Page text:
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Five things to be excited about when it comes to the Chiefs offense

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In his weekly installment of Stagner Things, Matt takes a closer look at the skill-position players of the 2019 Kansas City offense.

We’re working our way through each of the broader position groups on the Chiefs and taking stock of where they stand going into training camp.

This week, it’s the good stuff... the offensive skill positions.

With the best quarterback in the league, the best offensive mind at head coach, the best tight end and the most dangerous playmaker in the league, there’s no doubt this team will be fun to watch. What will be interesting is how they mix and match all of these guys with the additional young players in 2019.

1. The Mahomes factor

NFL: Kansas City Chiefs at Los Angeles Rams Kirby Lee-USA TODAY Sports

Patrick Mahomes is going to spread the ball around. Last season, 12 different players caught touchdown passes from Mahomes. Some of the names have changed, but the Chiefs likely now have even more playmakers than ever. Whether Pat throws for 40, 50 or 60 touchdowns this season, it’s a safe bet that they won’t all go to Travis Kelce and Tyreek Hill. The great quarterbacks elevate the play of an entire offense, and getting everyone involved is one of the ways they make it happen.

2. The wide receiver room is crowded with young talent

Chris Conley’s snaps are up for grabs, but who grabs them? Byron Pringle has been the talk of the offseason thus far, and Gehrig Dieter has the experience in the offense and some ability. Cody Thompson and Jamal Custis are the offensive undrafted free agents to watch. In theory, the Chiefs will keep six wide receivers, or perhaps seven if Hill is facing any suspension. There is a case to be made for each of the receivers after Hill, Sammy Watkins and Mecole Hardman, but they all won’t make it. It’s certainly a position to watch in St. Joseph, with all of the young talent and speed. Even after the roster is finalized, there will be plenty of questions about how to get all of these guys involved.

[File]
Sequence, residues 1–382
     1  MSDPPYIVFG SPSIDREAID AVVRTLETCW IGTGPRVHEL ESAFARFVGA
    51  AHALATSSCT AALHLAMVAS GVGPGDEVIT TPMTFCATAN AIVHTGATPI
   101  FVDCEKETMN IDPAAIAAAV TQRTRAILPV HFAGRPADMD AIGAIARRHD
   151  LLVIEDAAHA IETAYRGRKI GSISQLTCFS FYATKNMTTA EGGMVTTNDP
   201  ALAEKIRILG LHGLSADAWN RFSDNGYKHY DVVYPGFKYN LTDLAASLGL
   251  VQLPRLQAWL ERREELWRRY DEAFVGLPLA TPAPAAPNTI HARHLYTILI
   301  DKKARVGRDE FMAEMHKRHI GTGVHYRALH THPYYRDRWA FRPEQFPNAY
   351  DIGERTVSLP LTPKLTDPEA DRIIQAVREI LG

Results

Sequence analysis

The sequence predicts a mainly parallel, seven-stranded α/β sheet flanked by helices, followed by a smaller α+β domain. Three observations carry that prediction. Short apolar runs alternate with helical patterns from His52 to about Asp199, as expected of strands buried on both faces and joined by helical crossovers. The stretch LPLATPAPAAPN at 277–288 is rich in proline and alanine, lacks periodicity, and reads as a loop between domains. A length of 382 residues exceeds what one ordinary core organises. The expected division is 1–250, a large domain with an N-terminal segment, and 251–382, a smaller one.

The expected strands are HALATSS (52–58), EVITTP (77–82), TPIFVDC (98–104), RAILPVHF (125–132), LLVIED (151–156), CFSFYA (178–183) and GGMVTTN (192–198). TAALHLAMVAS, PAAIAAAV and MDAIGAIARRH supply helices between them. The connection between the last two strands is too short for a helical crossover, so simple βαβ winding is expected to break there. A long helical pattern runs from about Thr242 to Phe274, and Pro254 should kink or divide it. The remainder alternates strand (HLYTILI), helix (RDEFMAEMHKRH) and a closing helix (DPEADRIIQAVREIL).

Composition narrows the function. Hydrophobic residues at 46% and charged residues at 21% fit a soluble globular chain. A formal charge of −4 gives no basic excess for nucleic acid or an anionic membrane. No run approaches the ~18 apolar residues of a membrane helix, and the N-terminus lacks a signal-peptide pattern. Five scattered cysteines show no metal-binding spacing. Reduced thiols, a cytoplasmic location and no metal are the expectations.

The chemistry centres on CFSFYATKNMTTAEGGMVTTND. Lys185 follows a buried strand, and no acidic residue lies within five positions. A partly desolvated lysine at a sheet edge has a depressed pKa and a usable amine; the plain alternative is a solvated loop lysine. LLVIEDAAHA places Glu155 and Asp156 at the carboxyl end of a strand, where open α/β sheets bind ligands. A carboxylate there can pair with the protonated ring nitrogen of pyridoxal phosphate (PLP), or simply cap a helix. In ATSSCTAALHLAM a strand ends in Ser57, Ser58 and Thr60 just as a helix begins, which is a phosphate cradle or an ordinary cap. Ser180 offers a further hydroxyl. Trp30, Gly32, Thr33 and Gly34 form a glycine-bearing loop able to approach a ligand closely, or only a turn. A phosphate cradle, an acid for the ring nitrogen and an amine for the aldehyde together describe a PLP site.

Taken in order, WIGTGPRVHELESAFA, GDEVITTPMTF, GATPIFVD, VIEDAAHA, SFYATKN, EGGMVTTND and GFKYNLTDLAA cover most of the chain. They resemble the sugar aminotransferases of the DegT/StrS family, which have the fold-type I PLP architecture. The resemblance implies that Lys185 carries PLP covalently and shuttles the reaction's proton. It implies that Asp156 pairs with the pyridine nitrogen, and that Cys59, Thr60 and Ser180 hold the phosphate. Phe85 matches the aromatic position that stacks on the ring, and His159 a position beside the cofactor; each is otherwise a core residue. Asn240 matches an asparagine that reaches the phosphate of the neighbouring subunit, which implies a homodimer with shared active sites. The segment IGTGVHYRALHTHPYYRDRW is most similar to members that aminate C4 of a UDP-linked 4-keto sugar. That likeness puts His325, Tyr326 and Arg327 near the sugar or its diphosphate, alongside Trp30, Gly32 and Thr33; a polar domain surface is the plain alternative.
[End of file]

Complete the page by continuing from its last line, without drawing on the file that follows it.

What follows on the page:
3. I’m still rooting for a tight end group made up of all former quarterbacks

NFL: AFC Divisional Playoff-Indianapolis Colts at Kansas City Chiefs Jay Biggerstaff-USA TODAY Sports

Obviously, Kelce is the starter, but the depth behind him is very much in flux. If my vote counted (it doesn’t), Blake Bell and John Lovett would emerge from the pack in camp. There is something to the idea of having the perspective of a former quarterback on the field when it comes to reading the defense and understanding route combinations and spacing. Also, the hope is that there will be only two true quarterbacks on the initial 53, meaning emergency quarterbacks could come in handy even if Andy Reid doesn’t get creative with trick plays (and I hope he does). These guys could also be a force on special teams, where the Chiefs will be looking for someone to take the snaps previously reserved for Demetrius Harris.

4. Darwinism

There will be a lot of mouths to feed in the passing game, with tremendous competition in camp at wide receiver and running back. With Watkins apparently primed for a career year, Hill likely sticking around for the bulk of the season and the receiver competition behind them, there will be plenty of receivers for Mahomes. But the running backs can all catch as well. Starter Damien Williams is an accomplished receiver out of the backfield. Carlos Hyde prides himself on his versatility, and we’ve seen glimpses of Darrel Williams’s ability. Darwin Thompson might be the guy that turns the competition for targets on its head. Whether he’s the new De’Anthony Thomas, Charcandrick West, or something greater, Thompson will have a chance to survive and thrive in this offense.

5. Mecole’s role

Oakland Raiders v Kansas City Chiefs Photo by Peter Aiken/Getty Images

Remember Hill’s rookie year? Part of what made the Chiefs offense tick in 2016 was Hill’s ability as a dangerous threat, whether running or receiving. But, perhaps even more importantly, he was a decoy that could create havoc prior to the snap. Hill would go in motion, pulling linebackers and safeties along with him, causing defensive confusion and opening up opportunities for others to make plays. This might be how the Chiefs deploy Hardman this season. The only difference is that they now have an elite receiver on the outside and Mahomes at quarterback. Hardman might not duplicate Hill’s 2016 production (593 yards and six touchdowns receiving, 267 yards and three touchdowns rushing, and three return touchdowns), but he might be enough of a threat to give defenses something else to think about.

From the upside down: utilizing “The Sausage”

Perhaps the Chiefs should get Anthony Sherman more involved? One of Mahomes’s first 2018 touchdown passes was a 36-yard beauty to the Chiefs’ Pro Bowl fullback. Go back to Mahomes’s first start in 2017 — Sherman was fully competent as a featured back. I’m not saying that Sherman should supplant Damien Williams or anything, but he certainly could be more of a factor if given a chance this season.

With the apparent lack of a second tight end, perhaps there’s an opening for the Sausage?